I never tire of the scenery and my favourite section is from Pimisi Bay, upstream to the Talon Chutes, then retrace a bit and downstream through the portages, past Parresseux Falls and the ochre mine, a stop to hike up to the Elm Point vista and then on to Samuel de Champlain Provincial Park; day or overnight you won’t be disappointed.

At the park, visit the Mattawa River Visitor Centre it showcases the natural and cultural history and the highlight is the replica canots du maître which would have carried a dozen voyageurs.

At most of the carrying places, there are troughs indicating the footprints of people walking in one place for more than three thousand years; the best is at the upper end of the portage at the Campion Rapids within Samuel de Champlain Provincial Park, see the map link below.

Mattawa Map

The Mattawa River Heritage Map first published in 1997 by this writer has been recently updated and now it is re-released. The two-sided, multi-coloured thematic map has been updated and modified and includes GPS coordinates and an insert of the Pimisi Bay to Elm Point section of the river that has most of the original rapids and portages.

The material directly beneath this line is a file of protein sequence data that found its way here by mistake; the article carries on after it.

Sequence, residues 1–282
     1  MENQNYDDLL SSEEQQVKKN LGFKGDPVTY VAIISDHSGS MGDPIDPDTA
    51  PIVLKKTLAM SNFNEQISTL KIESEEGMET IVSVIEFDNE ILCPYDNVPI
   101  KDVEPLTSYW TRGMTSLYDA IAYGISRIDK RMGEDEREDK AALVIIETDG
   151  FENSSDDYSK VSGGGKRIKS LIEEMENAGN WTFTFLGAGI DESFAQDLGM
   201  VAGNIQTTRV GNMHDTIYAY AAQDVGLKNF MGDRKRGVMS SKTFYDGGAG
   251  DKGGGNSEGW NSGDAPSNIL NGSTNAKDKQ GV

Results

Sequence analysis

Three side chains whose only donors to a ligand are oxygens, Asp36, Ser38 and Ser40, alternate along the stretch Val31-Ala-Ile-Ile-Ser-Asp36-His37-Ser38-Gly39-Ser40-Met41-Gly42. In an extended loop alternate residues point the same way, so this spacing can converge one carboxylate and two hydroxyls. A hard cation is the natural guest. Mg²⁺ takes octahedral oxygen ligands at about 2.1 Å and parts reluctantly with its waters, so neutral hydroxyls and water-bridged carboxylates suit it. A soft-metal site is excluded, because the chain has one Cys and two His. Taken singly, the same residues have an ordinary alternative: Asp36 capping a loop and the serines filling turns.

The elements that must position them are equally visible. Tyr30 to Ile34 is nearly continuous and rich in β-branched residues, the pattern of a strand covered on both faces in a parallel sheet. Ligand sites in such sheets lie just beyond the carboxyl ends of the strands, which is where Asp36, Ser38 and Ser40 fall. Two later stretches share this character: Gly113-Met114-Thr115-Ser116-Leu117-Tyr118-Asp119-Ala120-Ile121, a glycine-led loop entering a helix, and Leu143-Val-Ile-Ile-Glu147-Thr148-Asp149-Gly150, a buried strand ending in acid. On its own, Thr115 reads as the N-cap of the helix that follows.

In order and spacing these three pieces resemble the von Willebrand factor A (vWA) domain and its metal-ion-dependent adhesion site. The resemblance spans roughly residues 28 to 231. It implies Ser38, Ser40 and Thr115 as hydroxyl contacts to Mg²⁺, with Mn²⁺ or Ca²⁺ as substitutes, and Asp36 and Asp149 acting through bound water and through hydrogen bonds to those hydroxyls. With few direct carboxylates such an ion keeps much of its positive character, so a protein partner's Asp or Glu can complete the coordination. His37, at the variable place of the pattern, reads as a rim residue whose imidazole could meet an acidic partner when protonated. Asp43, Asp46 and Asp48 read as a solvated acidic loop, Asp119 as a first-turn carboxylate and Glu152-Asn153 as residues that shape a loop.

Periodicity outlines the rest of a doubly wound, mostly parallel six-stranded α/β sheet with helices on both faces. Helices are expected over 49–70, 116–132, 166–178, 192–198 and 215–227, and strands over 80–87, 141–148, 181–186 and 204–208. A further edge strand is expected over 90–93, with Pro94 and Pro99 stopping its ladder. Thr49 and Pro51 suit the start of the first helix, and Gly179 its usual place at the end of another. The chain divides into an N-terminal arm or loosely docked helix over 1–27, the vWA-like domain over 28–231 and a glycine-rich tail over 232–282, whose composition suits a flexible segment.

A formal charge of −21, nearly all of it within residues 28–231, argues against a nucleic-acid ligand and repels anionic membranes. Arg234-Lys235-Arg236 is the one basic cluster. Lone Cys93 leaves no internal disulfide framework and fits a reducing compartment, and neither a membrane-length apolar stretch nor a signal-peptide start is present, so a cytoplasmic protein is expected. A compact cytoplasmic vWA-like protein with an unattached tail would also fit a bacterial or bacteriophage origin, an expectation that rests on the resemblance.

It is a standard topographic scale of 1:50 000 and combines the North Bay and Mattawa topo maps. It is comprehensive and detailed - a book in itself. It is $20 plus postage and a fundraiser for the Canadian Ecology Centre – two flats or folded.

Here is an information gift, a detailed map link with coordinates and anecdotes. There are plenty of day-use access that highlight parts of the river you wish to access.

If you want the feel of a recreational marathon canoe race take part in one of the longest-running races in Canada, (45 years) through the North Bay-Mattawa Conservation Authority, this year on July 23, it is only 64 km see this link. Can you beat the 1995 record for the fastest finish of five hours, 27 minutes and 53 seconds? I have done this race but not that fast!

Here is more on ‘Canoe Country’ through a past Northern Ontario Travel article and more on the Mattawa see this link. There is now lots of information to become a voyageur. National canoe day is June 26. This paddling season, embrace our heritage through paddling on the back roads.

Bill Steer

About the Author: Bill Steer

Back Roads Bill Steer is an avid outdoorsman and is founder of the Canadian Ecology Centre